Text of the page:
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Objections to Wirral church tennis courts closure plan
CONTROVERSIAL plans to sell the site of a church tennis court in Hoylake for redevelopment have been submitted to Wirral council.
St Luke's Methodist Church wants to sell the land in Charles Road, to make way for the building of 17 houses and apartments.
The church says 'ever-increasing financial pressure' and dwindling membership of the club were behind the decision to sell.
It plans to use proceeds from the sale for community projects including a free school uniforms scheme.
The proposal will be considered by Wirral’s planning committee when it meets on October 24.
Tennis club Secretary Anne Cross said: "As a member of the club I don't want the sale to happen. It's been rumbling on for quite a while.
"But because we don't own the land, it seems there's nothing we can do to stop it being sold.
"The club has been there since 1948. It has 30 members and we are making the most of it while we can.
"There are a few local clubs that have said they would be happy to take us in."
Another campaigner, who asked not to named, told the Globe: "I find it amazing that we have our first tennis champion in 70 years, Andy Murray, and they are talking about closing tennis clubs."
The decision to sell the land was made a meeting of the church's Trustees. The proposed new development will include affordable housing.
Reverend Anthony Clowes, minister of St. Luke's, said: "At a time of ever-increasing financial pressure we can no longer justify retaining our tennis courts, which are used by a dwindling number of members, whose average age has risen appreciably over the years.
"Several years ago the club felt that it was no longer able to offer junior membership.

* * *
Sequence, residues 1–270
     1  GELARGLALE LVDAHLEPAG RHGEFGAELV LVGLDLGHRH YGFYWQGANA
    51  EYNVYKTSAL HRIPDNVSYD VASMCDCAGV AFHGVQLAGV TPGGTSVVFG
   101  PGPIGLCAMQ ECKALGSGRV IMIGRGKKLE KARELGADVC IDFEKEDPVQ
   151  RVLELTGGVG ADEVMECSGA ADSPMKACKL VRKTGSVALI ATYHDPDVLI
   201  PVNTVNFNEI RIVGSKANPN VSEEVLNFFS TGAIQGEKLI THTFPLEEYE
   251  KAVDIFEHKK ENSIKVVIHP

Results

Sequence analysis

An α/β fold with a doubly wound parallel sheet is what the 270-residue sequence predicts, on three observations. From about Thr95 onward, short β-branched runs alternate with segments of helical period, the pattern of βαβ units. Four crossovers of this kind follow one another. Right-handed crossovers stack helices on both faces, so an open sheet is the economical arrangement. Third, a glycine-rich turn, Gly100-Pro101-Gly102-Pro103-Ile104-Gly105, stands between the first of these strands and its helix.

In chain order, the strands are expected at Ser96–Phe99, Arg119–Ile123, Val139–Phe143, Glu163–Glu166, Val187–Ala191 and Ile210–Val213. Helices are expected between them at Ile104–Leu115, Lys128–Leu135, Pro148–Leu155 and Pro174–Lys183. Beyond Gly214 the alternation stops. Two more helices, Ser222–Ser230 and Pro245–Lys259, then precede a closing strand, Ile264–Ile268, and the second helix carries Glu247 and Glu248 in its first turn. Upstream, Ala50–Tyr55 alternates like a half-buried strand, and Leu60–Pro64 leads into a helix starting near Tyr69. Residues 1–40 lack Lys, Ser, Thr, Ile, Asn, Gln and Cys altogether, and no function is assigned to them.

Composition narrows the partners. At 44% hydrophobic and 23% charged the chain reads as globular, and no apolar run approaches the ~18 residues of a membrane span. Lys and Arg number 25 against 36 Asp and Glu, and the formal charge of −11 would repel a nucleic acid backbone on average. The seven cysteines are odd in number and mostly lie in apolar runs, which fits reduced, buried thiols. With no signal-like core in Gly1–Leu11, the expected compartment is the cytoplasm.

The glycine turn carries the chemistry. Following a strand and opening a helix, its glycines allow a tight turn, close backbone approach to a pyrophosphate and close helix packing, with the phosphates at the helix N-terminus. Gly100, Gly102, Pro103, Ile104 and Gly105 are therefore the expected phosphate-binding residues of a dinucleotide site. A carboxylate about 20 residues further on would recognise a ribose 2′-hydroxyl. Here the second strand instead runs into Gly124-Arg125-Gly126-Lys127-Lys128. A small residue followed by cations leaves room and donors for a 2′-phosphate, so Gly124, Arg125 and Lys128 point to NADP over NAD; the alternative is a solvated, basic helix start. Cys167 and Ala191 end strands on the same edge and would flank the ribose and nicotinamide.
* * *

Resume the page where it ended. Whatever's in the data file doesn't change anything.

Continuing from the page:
"However, our church Trustees are aware that this decision will disappoint the club members and has accordingly negotiated an arrangement with another local tennis club who have offered to welcome the remaining players on very favourable terms for the individuals concerned.
"Hoylake residents will be aware that there is a mix of public and private tennis facilities elsewhere in Hoylake and Meols at several different locations.
"As the club was established as a war memorial the St. Luke's Trustees are also determined that the memory of those who gave their lives in the Second World War will be honoured in a way that brings lasting benefits for a much larger number of people than the small number who currently enjoy using the tennis facilities."
Also among those objecting to the scheme is Hoylake Conservative councillor John Hale.
He said: "I think it's a small site for the number of flats they want to put on it. I also think the flats will be out of keeping with the rest of the area.
"I'm worried about the access points and the effect increased traffic will have on the area if the development is approved. I shall note this in my letter to planning department."
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